BLOG - Before You Buy a Franchise

Bryan Cremeen AccountSource

AccountSource has a team of experts with a wealth of knowledge to share. Check back regularly for new posts on must-have information and best practices for your business and personal finances. We cover a variety of topics from tax law changes to client success stories to cool new products for you and your business.

Franchise ownership can be a quick, efficient way to enter into business ownership. Without all of the backend system building and front end design, product and customer education of a unique start-up, entrepreneurs can simply focus on starting and growing the business. Before signing with your lender and your franchise, it is wise to do some research on the success of the franchise and more importantly, the failure and default rate on loans granted to the brand.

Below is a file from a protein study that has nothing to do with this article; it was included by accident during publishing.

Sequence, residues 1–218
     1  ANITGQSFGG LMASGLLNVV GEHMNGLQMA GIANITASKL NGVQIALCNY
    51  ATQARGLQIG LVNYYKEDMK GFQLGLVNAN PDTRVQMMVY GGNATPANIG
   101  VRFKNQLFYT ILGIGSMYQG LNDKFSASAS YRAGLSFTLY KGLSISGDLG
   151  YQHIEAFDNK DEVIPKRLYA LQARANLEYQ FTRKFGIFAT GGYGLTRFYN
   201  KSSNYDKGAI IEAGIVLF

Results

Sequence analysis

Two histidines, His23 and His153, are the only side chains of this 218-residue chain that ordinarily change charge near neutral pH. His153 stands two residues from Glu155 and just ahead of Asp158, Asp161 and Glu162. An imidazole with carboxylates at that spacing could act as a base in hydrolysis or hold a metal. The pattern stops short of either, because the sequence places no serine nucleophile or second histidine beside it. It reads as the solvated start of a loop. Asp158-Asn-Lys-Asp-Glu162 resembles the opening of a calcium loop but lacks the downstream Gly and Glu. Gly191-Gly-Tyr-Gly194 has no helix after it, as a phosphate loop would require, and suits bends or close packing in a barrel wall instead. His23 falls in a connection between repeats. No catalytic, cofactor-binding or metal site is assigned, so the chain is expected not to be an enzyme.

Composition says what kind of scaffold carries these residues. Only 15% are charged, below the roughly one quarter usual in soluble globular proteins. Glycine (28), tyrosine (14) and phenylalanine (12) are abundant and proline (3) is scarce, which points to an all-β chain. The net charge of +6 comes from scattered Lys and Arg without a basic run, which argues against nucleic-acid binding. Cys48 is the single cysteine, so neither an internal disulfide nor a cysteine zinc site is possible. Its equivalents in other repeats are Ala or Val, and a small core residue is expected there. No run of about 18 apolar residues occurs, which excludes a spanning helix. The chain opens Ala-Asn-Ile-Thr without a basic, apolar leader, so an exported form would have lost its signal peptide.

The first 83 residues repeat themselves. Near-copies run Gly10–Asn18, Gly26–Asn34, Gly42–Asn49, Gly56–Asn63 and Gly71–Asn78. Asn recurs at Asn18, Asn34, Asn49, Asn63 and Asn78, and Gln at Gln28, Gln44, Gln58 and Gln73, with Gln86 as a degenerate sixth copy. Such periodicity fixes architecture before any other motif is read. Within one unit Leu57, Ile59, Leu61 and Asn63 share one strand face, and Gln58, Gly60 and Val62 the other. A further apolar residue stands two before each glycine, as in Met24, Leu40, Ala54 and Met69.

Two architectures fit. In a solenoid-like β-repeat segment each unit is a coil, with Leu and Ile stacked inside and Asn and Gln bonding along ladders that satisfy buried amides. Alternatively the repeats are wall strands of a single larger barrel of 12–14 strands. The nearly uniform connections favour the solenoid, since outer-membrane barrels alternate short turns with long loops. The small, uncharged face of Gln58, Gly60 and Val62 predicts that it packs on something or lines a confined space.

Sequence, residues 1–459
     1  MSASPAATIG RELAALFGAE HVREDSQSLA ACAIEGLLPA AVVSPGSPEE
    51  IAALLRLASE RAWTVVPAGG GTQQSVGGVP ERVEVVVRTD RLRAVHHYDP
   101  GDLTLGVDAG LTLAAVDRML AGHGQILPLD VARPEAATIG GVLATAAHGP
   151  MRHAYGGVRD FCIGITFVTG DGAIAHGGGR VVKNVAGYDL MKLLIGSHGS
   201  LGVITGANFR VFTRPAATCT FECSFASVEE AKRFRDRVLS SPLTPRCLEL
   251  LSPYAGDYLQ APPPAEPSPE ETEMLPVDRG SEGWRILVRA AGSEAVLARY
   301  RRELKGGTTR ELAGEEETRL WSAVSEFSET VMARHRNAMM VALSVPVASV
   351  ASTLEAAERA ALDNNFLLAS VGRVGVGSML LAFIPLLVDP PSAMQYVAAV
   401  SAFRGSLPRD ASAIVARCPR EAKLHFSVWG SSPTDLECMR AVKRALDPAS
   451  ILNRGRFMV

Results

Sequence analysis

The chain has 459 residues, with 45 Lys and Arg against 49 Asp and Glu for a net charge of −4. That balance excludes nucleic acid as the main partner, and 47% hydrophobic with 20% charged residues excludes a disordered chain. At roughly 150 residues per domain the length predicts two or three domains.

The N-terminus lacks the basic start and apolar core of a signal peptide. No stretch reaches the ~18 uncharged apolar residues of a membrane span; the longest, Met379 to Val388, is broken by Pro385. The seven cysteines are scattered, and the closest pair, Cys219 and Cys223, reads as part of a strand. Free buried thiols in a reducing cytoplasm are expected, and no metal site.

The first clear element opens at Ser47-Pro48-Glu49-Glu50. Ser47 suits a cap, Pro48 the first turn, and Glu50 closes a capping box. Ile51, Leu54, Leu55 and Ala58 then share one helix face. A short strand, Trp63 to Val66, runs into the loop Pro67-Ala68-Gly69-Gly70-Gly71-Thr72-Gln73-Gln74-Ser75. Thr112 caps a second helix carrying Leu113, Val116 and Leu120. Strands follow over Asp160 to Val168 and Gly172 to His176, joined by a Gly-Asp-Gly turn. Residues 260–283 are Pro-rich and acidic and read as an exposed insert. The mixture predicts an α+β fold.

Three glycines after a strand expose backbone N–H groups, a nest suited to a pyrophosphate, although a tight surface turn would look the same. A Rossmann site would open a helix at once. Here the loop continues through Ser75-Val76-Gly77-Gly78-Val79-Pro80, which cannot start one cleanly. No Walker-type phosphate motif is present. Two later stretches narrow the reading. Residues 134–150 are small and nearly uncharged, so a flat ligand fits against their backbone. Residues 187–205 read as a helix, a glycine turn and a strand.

BLOG - Before You Buy a Franchise

Franchise ownership can be a quick, efficient way to enter into business ownership. Without all of the backend system building and front end design, product and customer education of a unique start-up, entrepreneurs can simply focus on starting and growing the business. Before signing with your lender and your franchise, it is wise to do some research on the success of the franchise and more importantly, the failure and default rate on loans granted to the brand.